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Homo is a genus name given to a group of advanced apes which includes man.  They are at least 1.5 million years old. Some anthropologists believe that the genus originated from australopithecines. Most of these were discovered in the East African region. In 1758, Linneaus classified Homo was as shown in the table below.



















The genus is subdivided into several stages according to their period of existence. The best confirmed earliest of these were the Homo habilis, which was believed to be a direct ancestor to the Australopithecus. However, unconfirmed studies claim that there was an intermediary homo, before Homo habilis which is known as  Homo gautengesis. Fossils of this genus were discovered in Africa, which led to a hypothesis that Africa was the cradle for human race. Some of the members of this genus drifted to Asia and were named Homo erectus and others moved to Europe where they were named Homo georgicus. The Homo ergaster and Homo erectus advanced separately for approximately two million years with the former being in Africa and the latter in Eurasia apparently separating into two different species. From Homo ergaster descended the Homo rhodesiensis who migrated to Europe from Africa, they developed into Homo heidelbergensis and later became Homo neanderthalensis and in Asia Denisova Hominin (Thompson, 2003). The name Homo habilis is derived from Latin to mean the “handy man”. The second was the Homo erectus, while the latest was the Homo sapiens.. Homo sapiens or “thinking man”are among the latest discovered fossils and date to about 1.5 million years ago. Here has however been a new development with anthropologists deciding to include another species of modern man, in a species called Homo sapiens sapiens.

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Fossils for the Homo habilis were discovered in Tanzania by Leakeys between the year 1962 and 1964. From the studies on the Homo habilis, it was determined that he was shorter than the modern man was. However, they had long arms that were un- proportional to the rest of the body, as compared to man today. In comparison to their predecessors, the Australopithecines, Homo habilis had a less protruding face, which resulted to development of the jaw to have smaller jaws and smaller molar teeth. Its cranial capacity is believed to have ranged between 510 and 660 cm3. This was less than half of what modern man possesses (Campbell, 1998).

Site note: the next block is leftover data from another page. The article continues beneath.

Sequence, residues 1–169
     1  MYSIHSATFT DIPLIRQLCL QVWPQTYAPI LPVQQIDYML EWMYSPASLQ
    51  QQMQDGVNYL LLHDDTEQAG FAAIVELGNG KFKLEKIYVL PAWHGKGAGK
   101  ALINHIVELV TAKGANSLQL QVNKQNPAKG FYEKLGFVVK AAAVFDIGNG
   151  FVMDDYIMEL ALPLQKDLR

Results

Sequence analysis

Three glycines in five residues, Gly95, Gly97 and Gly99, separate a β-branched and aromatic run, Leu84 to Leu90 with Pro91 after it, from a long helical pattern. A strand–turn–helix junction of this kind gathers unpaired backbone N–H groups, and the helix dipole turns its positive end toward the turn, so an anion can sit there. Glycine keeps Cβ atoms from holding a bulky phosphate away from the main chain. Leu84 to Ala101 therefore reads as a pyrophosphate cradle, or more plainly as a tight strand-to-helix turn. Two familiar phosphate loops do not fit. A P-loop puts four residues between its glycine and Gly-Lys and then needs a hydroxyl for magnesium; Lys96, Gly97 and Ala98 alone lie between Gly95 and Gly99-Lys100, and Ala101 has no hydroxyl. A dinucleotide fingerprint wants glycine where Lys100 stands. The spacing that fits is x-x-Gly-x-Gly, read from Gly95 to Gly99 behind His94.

Homo habilis used tools for their daily activities that included hunting. They are linked with the Oldowan tool industry which used rounded hammer stones, crude stone flakes and bones that were used for digging. Due to the finding of tools next to dismembered animal remains it is believed that they fed on meat and they used stones in getting marrow from bones that were too large to be broken. They are also believed to have moved in larger groups for security reasons (Thompson, 2003).

After the Homo habilis, there emerged the second species within the genus, known as Homo erectus. Homo erectus was derived from Latin to mean “the upright man” Its fossils have been found in African and Asia continent, with China, Java, India and Caucasus having been among the areas where many of them were discovered. During the early era of Homo erectus, the descendants had a brain capacity of about 800 cm3 but the laterstages had about 1100 cm3. They were more similar to the modern man especially their limb bones, with respect to size and form. They had shallow foreheads and their heads had some special and conspicuous muscles behind their necks. This made them have very strong necks as they carried their loads on their heads (Thompson, 2003).

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They adapted to new ecological breaks by generating cultural technologies. They successfully expanded their territories approximately 1.8 million years ago. They migrated from Africa to populate the tropical and subtropical zones in the Old World. This made them pioneer the human culture development. This expansion was in line with the cooler global temperatures which was gradual. Through this expansion they got the ability to move into zones of Asia and Europe which had seasonal cold temperatures. Their intelligence was better and they had created newer cultural technologies like hunting skills and could create fire (Campbell, 1998. p.93). Louis and Mary Leakey found a partial Homo erectus cranium in 1960 at Olduvai Gorge. A nearly complete skeleton of this species was found on the Western side of Lake Turkana in 1984 and was estimated to be of an 8-12 year old boy and is referred to as the “Turkana Boy.”

The other species of Homo was the Homo neanderthalensis, which was named after the valley it was discovered, Neander in Germany. These fossils were mainly found in Europe and Asia and possessed a cranial capacity of between 1200 and 1900 cm3. Their main difference from modern man is the development of the brain, because they have anequal brain apacity as modern man at birth. Howeve, as modern man develops and develops the brain to more sophisticated network and lperception of different things that eventually lead to intelligence, Homo neanderthalensis, grew slowly leading to being surpassed by modern man. Morphologically, they were different from the modern man by the fact that they had strong limbs and were shorter. Their barrel chests and stocky limbs helped them adapt to the highly varying weather patterns that ranged from season to season, and from very cold to very hot(Campbell, 1998).